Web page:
The second opening band was called Jenny¬†Beseztz. Their synth rock music was much more in line with Future Islands’ music. They’re actually not from Baltimore, but are old friends of Future Islands from North Carolina, which is where Future Islands relocated to Baltimore from. I liked their music well enough. The friends that I was with liked the music behind the songs, but were really not in favor of the singer.

This was the first time I had seen Future Islands live, at least playing music. I’ve seen them hanging out a bbq place in my neighborhood before but I don’t think that counts. I’d like to say that since they’re from Baltimore I knew them when, but I really didn’t. I found out about them pretty much the same time the rest of the world at large did, and thought oh hey cool when I found out that they are from Baltimore. They played at one of the street festivals in my neighborhood a couple of years ago, but of course that was literally the only year I missed it because my friend decided to get married that weekend.

Everything I had heard about Samuel Herring, their lead singer, performing live is true. He is amazingly fun to watch as he dances all around the stage. He’s in constant movement doing everything from just general bouncing around to Russian kick line dancing to sort of sexy stripper undulations. He was apparently dancing vigorously enough that he ripped his pants at the beginning of the show and the rip kept getting worse as the night went on until he eventually left us in the care of the rest of the band while went to change his pants. They played a long set of 25 songs filled with a great mix of old and new stuff.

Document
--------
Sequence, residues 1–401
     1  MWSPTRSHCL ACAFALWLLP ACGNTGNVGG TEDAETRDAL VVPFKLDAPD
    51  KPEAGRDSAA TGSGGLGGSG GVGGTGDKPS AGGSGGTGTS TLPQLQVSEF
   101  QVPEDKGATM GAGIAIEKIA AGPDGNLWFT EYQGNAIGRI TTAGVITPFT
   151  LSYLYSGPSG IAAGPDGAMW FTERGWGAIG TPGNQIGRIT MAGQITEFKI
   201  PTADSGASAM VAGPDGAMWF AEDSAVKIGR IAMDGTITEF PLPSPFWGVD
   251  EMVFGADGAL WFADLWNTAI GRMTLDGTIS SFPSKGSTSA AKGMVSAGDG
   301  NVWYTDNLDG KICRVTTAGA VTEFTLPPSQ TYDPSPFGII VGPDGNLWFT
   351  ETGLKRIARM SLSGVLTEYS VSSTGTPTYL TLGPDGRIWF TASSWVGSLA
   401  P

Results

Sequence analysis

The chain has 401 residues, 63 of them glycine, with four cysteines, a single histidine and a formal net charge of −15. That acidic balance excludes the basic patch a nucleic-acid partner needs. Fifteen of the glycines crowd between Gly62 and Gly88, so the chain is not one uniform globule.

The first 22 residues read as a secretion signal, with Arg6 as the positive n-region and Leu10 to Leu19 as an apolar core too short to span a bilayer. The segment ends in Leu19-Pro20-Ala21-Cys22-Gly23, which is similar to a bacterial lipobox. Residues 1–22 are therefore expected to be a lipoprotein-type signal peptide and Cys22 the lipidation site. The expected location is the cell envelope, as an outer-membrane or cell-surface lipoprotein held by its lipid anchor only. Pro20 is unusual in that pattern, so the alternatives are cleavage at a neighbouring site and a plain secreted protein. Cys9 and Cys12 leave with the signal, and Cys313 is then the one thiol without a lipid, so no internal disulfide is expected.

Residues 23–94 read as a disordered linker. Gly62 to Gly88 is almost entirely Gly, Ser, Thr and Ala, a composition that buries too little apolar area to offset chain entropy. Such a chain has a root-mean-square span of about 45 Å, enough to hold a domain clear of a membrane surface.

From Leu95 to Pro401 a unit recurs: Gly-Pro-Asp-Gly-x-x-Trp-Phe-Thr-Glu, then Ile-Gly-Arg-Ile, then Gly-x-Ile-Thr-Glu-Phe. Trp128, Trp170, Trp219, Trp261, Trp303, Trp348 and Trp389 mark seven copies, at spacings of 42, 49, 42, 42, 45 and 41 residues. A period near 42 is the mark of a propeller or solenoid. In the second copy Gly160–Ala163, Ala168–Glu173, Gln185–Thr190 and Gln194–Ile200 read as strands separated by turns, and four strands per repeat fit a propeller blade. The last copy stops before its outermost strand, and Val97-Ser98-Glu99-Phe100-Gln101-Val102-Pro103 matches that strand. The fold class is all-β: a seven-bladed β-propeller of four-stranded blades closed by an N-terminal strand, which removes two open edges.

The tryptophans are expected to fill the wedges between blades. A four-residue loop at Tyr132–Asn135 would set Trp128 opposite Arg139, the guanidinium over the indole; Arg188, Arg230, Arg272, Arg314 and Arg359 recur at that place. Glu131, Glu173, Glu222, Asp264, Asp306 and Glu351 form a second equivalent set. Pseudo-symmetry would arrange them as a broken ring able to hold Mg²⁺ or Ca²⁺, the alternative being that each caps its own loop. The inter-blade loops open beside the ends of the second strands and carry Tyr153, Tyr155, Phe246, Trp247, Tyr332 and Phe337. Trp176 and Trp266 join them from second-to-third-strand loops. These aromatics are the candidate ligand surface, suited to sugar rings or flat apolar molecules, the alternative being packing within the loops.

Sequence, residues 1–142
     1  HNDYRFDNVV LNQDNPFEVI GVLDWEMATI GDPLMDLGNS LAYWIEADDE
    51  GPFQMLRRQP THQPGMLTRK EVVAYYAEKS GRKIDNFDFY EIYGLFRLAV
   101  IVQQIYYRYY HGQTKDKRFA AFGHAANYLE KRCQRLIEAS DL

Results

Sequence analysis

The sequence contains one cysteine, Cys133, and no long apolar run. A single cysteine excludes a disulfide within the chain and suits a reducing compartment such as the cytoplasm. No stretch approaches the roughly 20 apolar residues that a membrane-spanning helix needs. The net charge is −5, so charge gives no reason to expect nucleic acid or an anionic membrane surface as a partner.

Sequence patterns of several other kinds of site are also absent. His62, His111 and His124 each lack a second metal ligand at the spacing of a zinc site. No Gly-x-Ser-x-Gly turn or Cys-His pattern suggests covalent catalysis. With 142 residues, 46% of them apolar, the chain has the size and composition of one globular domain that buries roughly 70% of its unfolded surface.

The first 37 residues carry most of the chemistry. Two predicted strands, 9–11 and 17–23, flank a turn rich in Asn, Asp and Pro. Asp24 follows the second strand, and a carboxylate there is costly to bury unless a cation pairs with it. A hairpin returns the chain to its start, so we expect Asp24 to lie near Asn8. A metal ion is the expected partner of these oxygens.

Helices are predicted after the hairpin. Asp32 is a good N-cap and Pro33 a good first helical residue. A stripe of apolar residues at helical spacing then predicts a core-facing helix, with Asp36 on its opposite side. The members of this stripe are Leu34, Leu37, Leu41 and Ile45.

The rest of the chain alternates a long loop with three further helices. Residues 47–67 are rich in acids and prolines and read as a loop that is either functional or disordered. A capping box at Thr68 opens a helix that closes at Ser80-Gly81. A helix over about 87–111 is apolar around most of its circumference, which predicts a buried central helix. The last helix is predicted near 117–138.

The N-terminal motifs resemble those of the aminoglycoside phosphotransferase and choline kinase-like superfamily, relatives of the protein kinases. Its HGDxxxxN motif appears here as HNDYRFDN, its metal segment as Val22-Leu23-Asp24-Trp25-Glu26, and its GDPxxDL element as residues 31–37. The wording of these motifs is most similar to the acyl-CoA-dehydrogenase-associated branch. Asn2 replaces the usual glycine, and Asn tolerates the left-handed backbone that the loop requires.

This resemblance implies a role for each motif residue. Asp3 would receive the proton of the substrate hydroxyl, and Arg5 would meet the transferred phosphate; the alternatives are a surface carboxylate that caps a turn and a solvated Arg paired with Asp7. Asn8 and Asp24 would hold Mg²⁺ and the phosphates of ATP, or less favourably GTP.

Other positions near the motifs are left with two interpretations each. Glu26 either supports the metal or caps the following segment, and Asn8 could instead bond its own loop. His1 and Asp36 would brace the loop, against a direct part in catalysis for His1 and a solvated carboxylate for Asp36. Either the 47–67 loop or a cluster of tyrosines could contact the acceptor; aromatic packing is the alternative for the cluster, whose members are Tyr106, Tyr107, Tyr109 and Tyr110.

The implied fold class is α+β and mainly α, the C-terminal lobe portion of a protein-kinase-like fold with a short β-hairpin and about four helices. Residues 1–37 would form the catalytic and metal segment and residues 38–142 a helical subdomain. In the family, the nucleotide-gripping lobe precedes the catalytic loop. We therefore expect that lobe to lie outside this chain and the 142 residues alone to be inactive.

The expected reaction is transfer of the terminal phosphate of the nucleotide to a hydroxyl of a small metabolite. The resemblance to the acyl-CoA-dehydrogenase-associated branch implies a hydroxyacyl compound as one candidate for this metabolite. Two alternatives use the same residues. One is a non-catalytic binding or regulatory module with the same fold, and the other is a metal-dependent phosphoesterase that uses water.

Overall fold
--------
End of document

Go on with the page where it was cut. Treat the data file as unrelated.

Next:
It was a really fun show, and I’m glad I managed to snag some of the very limited tickets to it. My only complaint, which is a general complaint about shows at the Ottobar, is that it started too late. I am too old and too tired to go to shows where the openers don’t go on until 9 and the main act doesn’t take the stage until 11 when I’m normally in bed. I could barely keep my eyes open by the time they finished around 1 am. Someone really needs to create concerts for old people that start around 6 and end by 10. I’m guessing that’s not actually going to happen though.